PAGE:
Influenza, also called flu, is a major viral respiratory disease that leads to frequent epidemics and severe clinical symptoms with significant mortality worldwide.

The disease occurs annually as outbreaks, resulting in about three to five million cases of severe illness with approximately 290,000 to 650,000 deaths.  Influenza is a seasonal disease occurring mainly in winter in the temperate zone of the northern and southern hemispheres, and at any time of the year in some tropical counties.  Influenza-associated mortality rates are higher in low-income countries mainly due to lack of access to adequate medical care, limited public health infrastructure, social factors, housing conditions and population density.  Larger outbreaks due to novel emerging influenza virus strains are known as pandemics and can result in the death of millions. 


Influenza is caused by members of the virus family Orthomyxoviridae divided into three major types (A, B and C).  Type A viruses are the most frequent and virulent in humans, followed by the less common type B and C, the latter causing only mild disease in children.

Virus subtypes are defined by differences in the composition of the virus surface-proteins hemagglutinin (H) and neuraminidase (N).  Currently, 18 hemagglutinin subtypes and 11 neuraminidase subtypes have been described.  H1N1 or H3N2 are examples of influenza subtype  A that circulate in the human population.  Influenza viruses are constantly evolving as, during their replication, they accumulate genomic mutations (antigenic drift) and, due to their segmented genome, they can undergo re-assortment (exchange of combination of genome segments) between different virus subtypes (i.e. antigenic shift), thus leading to occurrence of new viruses with diversified antigenic composition.  The variability of influenza viruses is further increased by circulation of influenza strains in several animal species (mainly avian, swine and bat), and adaption of those strains in humans can lead to the emergence of pandemic viruses.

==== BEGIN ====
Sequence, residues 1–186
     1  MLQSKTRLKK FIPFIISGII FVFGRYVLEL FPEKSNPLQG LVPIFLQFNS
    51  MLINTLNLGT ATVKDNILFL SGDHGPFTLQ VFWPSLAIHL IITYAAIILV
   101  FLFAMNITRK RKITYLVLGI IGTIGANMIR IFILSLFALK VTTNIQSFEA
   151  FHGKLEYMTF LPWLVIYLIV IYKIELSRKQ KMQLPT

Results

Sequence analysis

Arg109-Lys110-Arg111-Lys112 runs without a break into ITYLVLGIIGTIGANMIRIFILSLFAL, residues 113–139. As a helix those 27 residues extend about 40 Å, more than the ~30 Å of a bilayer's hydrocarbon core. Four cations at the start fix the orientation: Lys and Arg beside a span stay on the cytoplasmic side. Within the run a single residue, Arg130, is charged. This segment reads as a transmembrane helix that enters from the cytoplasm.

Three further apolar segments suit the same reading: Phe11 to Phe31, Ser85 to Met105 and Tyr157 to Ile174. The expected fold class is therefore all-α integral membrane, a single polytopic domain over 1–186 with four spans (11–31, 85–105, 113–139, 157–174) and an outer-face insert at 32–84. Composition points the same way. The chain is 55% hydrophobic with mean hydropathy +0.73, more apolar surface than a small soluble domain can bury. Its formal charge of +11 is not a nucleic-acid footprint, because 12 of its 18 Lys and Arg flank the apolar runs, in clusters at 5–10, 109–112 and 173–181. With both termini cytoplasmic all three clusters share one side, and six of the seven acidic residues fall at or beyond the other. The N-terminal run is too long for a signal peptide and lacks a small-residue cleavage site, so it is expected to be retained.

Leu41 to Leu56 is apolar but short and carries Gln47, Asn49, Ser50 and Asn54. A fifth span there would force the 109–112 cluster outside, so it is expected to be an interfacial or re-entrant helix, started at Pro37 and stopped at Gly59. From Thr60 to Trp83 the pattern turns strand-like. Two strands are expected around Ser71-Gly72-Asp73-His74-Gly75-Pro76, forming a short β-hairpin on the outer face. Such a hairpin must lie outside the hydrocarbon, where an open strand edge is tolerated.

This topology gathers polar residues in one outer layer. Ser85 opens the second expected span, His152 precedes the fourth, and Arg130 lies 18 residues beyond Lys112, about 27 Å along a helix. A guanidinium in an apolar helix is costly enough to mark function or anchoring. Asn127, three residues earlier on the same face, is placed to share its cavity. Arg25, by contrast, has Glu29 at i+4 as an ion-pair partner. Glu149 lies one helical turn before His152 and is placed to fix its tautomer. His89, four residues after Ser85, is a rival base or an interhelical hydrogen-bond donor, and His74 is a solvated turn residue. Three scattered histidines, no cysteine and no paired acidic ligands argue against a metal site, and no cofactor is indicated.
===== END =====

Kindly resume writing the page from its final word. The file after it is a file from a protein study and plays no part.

Influenza infection causes from mild to severe illness and leads to significant mortality worldwide.  Typical influenza symptoms include high fever, chills, fatigue, sore throat, muscle pains, nasal congestion and coughing.  In children, especially influenza B, can cause mild to severe gastrointestinal symptoms such as nausea, vomiting, diarrhoea andabdominal pain.  Most people recover from influenza but some, such as the elderly and young children, are at greater risk of developing complications such as pneumonia, bronchitis, sinus and ear infections, or worsening of other chronic health problems such as asthma or heart failure. 

Global burden

WHO estimates that around 5-10% of the world’s population is affected by seasonal influenza, resulting in an estimated 290,000 to 650,000 deaths per year, thus imposing a tremendous health and economic burden on the human population, which is more pronounced in middle- and low-income countries.


Vaccination is the most effective way to prevent infection and severe outcome caused by influenza viruses.  Current vaccines either consist of inactivated viruses grown in chicken eggs, live attenuated viruses or recombinant hemagglutinin.   As influenza viruses undergo continuous antigenic changes, current vaccines provide only limited protection against new epidemic or pandemic viruses.  The composition of seasonal influenza vaccines has to be updated each year, and thus need to be administered annually.  In consequence, continuous monitoring and selection of viruses, as well as production of vaccines, is necessary each year.  A major limitation is therefore that the relatively long manufacturing and production time results in a vaccine that does not always contain the correct viruses to match the epidemic strains circulating in the community.  Moreover, these vaccines are less or not at all affordable for low and middle-income populations.

A significant advance would be the development of a new generation of influenza vaccines that stimulate production of a robust, broadly neutralising immune response, not only to drifted variants of seasonal influenza viruses, but preferably also to potential pandemic strains.  In addition “universal” influenza vaccines, that do not require annual immunisation, may be the best option for low and middle income populations, including those in subtropical and tropical regions.